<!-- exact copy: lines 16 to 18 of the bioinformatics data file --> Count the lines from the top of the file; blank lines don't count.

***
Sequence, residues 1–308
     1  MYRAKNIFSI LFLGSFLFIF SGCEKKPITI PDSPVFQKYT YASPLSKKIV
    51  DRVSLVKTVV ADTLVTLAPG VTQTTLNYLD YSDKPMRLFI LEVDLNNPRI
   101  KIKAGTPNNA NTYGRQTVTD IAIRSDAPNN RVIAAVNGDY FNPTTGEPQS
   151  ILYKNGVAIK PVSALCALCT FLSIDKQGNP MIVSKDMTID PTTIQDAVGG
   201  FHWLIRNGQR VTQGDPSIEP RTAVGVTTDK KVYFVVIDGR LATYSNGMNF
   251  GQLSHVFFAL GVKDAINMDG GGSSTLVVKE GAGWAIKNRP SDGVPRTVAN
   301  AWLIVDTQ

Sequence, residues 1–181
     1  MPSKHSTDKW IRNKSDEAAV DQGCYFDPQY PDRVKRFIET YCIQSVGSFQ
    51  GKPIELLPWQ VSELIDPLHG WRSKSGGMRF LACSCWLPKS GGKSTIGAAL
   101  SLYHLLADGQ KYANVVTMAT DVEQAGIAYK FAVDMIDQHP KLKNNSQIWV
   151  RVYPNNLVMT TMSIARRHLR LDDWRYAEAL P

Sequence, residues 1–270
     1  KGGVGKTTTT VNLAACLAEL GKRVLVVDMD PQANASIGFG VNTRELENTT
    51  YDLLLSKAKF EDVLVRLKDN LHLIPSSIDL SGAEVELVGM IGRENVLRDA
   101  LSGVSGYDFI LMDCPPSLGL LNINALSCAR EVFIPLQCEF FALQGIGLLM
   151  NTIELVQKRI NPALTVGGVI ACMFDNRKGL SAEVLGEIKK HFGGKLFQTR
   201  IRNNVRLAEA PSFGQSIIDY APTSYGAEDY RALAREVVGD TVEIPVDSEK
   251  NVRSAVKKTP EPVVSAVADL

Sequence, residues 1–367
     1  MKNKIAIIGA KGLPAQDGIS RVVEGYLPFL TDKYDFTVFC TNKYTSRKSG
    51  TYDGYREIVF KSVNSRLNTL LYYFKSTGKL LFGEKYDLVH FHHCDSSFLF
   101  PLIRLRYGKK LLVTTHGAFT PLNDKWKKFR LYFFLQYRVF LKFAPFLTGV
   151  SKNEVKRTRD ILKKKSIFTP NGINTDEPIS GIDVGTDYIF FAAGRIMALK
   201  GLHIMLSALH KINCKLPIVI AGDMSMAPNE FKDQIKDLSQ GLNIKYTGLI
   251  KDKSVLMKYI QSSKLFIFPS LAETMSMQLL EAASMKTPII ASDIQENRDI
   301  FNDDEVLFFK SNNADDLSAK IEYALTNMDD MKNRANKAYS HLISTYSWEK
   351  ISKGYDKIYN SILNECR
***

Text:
    51  YDLLLSKAKF EDVLVRLKDN LHLIPSSIDL SGAEVELVGM IGRENVLRDA
   101  LSGVSGYDFI LMDCPPSLGL LNINALSCAR EVFIPLQCEF FALQGIGLLM
   151  NTIELVQKRI NPALTVGGVI ACMFDNRKGL SAEVLGEIKK HFGGKLFQTR